Diaz: Don’t Clean Up This Blood Review

Posted 10 years ago by myetvmedia

This movie is an absolute must-see.

Set during the final days in 2001 of the G8 summit in Genoa, Italy, Diaz concerns itself with how a thrown bottle set off a chain of events that ended in forced deportations, falsified evidence and left three people comatose. 125 police officers were tried. None were punished. Amnesty International described this event as:

“The most serious suspension of democratic rights in a Western country since the Second World War.”

Directed by Daniele Vicari, Diaz: Don’t clean up this blood is a dark, violent, compelling movie that illustrates Europe’s continued love of fascism and conservatism, (long before the global recession led to the rise of groups like Golden Dawn). Using the thrown bottle as the link, we see different characters and how they experience different events spinning out of the bottle throwing, from the French anarchist to the good cop stuck in a bad situation. The fragmented nature of the movie unfortunately can work against it at times, and the movie only really finds its feet when it starts dealing directly with the attack on protesters and the fallout from the attack, leaving behind the uneven first act.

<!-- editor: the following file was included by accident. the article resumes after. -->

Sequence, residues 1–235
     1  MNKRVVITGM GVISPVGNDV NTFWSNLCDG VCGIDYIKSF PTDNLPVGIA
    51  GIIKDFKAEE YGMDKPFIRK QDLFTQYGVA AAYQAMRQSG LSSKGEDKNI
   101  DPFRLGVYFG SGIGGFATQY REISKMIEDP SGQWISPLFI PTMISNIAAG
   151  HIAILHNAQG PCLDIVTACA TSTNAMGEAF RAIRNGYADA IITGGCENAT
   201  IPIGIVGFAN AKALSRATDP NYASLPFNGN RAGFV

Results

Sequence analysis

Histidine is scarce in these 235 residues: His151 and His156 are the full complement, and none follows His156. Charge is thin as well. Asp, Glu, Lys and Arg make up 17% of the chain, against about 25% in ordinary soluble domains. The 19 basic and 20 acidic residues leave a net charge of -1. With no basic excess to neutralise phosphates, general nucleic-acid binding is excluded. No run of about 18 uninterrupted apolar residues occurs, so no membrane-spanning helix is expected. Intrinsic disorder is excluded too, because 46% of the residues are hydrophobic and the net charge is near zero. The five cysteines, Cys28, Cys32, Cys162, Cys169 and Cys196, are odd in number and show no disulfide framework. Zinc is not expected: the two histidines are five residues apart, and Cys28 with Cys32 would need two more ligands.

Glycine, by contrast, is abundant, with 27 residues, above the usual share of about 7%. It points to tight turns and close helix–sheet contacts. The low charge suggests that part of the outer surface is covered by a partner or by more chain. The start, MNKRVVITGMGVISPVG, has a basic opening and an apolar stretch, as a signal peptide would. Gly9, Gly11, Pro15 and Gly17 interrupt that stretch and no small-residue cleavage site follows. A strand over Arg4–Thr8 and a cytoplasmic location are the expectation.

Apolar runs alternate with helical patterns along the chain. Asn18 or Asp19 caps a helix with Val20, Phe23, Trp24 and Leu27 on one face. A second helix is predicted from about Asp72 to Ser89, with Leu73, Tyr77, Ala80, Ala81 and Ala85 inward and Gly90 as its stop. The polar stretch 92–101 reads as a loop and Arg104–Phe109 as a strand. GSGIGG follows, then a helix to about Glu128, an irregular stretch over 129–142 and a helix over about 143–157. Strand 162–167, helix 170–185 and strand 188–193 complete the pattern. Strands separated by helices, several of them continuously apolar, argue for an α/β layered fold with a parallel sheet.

The actors acquit themselves well, performing acts equal parts disturbing and terrifying. We see kids forced to strip, bark like dogs, and run brutal gauntlets, while others get to be the ones in charge, with the occasional look of genuine disgust at what they’re asked to do for this movie. Perhaps more could have been seen from other perspectives, but as it stands this is a stark reminder of why something like this must not happen again.

A feature film of the ICFF 2013 Toronto

Donal O’connor



  • Diaz Dont clean up this blood
  • Diaz Dont clean up this blood
  • Diaz Dont clean up this blood

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